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- Getting Started With Deep Learning: Convolutional Neural Networks

# Exercise 1: Solution

## Contents

###### Convolutional Neural Networks

## The course is part of this learning path

**Difficulty**Beginner

**Duration**1h 19m

**Students**116

**Ratings**

### Description

In this course, discover convolutions and the convolutional neural networks involved in Data and Machine Learning. Introducing the concept of tensor, which is essential for everything that follows.

Learn to apply the right kind of data such as images. Images store their information in pixels, but you will discover that it is not the value of each pixel that matters.

**Learning Objectives**

- Understand how convolutional neural networks are essential to the fundamentals of Data and Machine Learning.

**Intended Audience**

- It is recommended to complete the Introduction to Data and Machine Learning course before starting.

### Transcript

Hey guys, welcome to the solutions of the exercises. In exercise one, we are asked to essentially extend our MNIST model with the deeper architecture. So we load some standard things. By now you're very familiar with all of them, so, we'll not go to them. And here's how we are going to build the model. First of all, we load MNIST and we reshape it, and rescale it, so, remember, the shape of X_train is this, so we need to reshape so that it's a tensor of order four. We also re-scale it to be between zero and one. And we change our labels to categorical with 10 classes. So this, we've all seen before. So here is the model. First, we build a convolutional 2D, 32 filters, three by three. This time, I put the activation here, so I can show you how it's done this way. And we stack it with the two by two max pooling layer.

Notice that since this was the first layer, I had to specify the input shape. Then, we stack on top of this pancake another little stack, with 64 three by three filters, same activation, relu, and a max pooling layer. So, after the max pooling, we have the flatten layer, the dense, fully connected layer, and the final output of 10. So, essentially, it's the same model we've built before, the only change is we've introduced an additional convolutional layer and an additional max pooling layer. So, our model will look like this. We have a first layer, convolutional, a second layer, convolutional. Notice that we have a lot more parameters here because we are going to 32 filters to 64 filters. Whereas before, in the beginning, we were going from one input channel to 32 input channels. Then, we have a second pooling layer, finally, a flatten, we go to 1600, and then we have two fully connected jumps, and a final output of 10. Notice that the total number of parameters of this network is actually less than the network that didn't have this layer, which is expected as you've seen when we counted the parameters. Each convolutional layer has less free parameters than a corresponding fully connected layer.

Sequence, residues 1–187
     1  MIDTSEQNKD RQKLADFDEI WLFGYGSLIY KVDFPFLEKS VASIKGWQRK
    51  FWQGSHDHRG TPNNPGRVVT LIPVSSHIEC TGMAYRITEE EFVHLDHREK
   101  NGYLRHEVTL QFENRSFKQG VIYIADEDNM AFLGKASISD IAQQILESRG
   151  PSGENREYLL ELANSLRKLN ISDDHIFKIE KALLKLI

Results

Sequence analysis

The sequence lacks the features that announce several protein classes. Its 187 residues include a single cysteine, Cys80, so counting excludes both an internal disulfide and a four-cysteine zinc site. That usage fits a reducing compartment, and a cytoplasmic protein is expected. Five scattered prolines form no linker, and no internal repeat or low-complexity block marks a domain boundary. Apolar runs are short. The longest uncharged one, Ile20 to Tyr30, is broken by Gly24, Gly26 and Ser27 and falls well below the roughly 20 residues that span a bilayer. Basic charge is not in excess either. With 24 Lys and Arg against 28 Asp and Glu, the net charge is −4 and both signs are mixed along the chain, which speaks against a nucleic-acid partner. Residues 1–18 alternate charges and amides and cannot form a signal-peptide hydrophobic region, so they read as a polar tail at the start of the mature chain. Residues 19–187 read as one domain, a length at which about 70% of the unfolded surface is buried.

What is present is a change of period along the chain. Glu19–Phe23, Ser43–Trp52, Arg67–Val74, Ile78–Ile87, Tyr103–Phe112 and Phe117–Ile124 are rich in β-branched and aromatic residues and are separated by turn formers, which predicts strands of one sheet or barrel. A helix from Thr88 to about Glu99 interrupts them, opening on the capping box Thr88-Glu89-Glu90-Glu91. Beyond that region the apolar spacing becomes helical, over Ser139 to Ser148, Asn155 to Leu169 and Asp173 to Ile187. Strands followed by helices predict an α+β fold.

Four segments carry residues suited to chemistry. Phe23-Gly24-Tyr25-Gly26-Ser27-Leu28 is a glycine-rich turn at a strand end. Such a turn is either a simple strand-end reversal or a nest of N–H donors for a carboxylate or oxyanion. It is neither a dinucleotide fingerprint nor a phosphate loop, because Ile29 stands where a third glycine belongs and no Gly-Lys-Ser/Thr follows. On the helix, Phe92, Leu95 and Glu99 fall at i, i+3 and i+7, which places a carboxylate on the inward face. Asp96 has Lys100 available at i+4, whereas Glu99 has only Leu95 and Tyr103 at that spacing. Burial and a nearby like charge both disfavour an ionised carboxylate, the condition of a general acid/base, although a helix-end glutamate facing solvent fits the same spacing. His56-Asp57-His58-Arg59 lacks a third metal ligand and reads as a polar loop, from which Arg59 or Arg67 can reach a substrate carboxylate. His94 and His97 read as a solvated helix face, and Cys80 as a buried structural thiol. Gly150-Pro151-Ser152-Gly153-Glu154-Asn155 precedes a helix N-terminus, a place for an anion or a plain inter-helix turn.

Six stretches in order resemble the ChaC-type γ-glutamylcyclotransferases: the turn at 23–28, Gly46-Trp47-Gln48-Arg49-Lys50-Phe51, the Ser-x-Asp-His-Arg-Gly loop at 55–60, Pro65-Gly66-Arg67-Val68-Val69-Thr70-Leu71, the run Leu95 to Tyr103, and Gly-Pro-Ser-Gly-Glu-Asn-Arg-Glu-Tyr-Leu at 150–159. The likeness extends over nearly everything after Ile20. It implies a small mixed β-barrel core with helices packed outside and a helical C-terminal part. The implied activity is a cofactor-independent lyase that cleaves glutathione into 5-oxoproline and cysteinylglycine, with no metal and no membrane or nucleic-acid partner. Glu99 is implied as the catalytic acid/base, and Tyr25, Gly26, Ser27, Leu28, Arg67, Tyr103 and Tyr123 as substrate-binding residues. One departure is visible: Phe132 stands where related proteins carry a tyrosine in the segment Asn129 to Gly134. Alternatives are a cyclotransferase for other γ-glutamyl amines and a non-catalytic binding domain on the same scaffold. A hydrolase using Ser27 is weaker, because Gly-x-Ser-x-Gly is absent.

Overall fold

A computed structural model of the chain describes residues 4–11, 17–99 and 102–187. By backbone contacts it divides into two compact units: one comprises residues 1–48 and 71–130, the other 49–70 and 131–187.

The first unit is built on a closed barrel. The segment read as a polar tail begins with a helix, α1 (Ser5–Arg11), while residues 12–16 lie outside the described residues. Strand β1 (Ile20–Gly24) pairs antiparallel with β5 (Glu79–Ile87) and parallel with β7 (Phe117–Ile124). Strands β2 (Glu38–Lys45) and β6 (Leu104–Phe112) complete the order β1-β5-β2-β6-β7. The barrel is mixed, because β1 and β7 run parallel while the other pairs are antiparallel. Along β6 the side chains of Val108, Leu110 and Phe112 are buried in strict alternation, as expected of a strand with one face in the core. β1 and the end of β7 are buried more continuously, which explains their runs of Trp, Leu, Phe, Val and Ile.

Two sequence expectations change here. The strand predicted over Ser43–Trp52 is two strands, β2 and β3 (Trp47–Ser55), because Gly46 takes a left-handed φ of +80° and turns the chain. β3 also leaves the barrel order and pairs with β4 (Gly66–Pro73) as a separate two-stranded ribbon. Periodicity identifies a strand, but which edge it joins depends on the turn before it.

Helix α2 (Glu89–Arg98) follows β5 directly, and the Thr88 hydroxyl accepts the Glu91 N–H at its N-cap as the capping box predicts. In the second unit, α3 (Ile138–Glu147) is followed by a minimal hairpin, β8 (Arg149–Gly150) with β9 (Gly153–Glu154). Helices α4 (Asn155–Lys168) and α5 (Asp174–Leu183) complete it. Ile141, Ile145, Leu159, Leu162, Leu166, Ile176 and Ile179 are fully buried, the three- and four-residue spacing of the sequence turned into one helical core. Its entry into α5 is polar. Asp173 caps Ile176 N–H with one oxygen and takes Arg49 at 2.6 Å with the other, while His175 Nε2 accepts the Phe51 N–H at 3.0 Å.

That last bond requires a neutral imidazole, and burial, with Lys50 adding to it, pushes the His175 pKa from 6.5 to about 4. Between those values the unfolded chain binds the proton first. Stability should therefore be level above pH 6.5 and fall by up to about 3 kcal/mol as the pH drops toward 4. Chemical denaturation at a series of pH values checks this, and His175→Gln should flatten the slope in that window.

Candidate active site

So, this network is more powerful with less parameters. So I'm running the feed, and as you can see, the model is running. It's fitting. I've ran it for just two epochs, with a validation split of 0.3, a batch size of 128, and when it's done, we'll check the performance. So the model is done, and let's check the testing set. The performance on the test set is hopefully higher than what got before. Yes, we get to 98.24% accuracy on the test set, which is the highest score I got with this model. So, very good. If we make the model more complex, or we train it for longer, we are probably going to be able to push it even higher. So I'll let you do that and see how high you can get. Feel free to post it on the forum, brag about your score, or ask for feedback if you got a lower score. Thank you for watching, see you in the next video for exercise two.

# About the Author

**Students**1736

**Courses**8

**Learning paths**3

I am a Data Science consultant and trainer. With Catalit I help companies acquire skills and knowledge in data science and harness machine learning and deep learning to reach their goals. With Data Weekends I train people in machine learning, deep learning and big data analytics. I served as lead instructor in Data Science at General Assembly and The Data Incubator and I was Chief Data Officer and co-founder at Spire, a Y-Combinator-backed startup that invented the first consumer wearable device capable of continuously tracking respiration and activity. I earned a joint PhD in biophysics at University of Padua and Université de Paris VI and graduated from Singularity University summer program of 2011.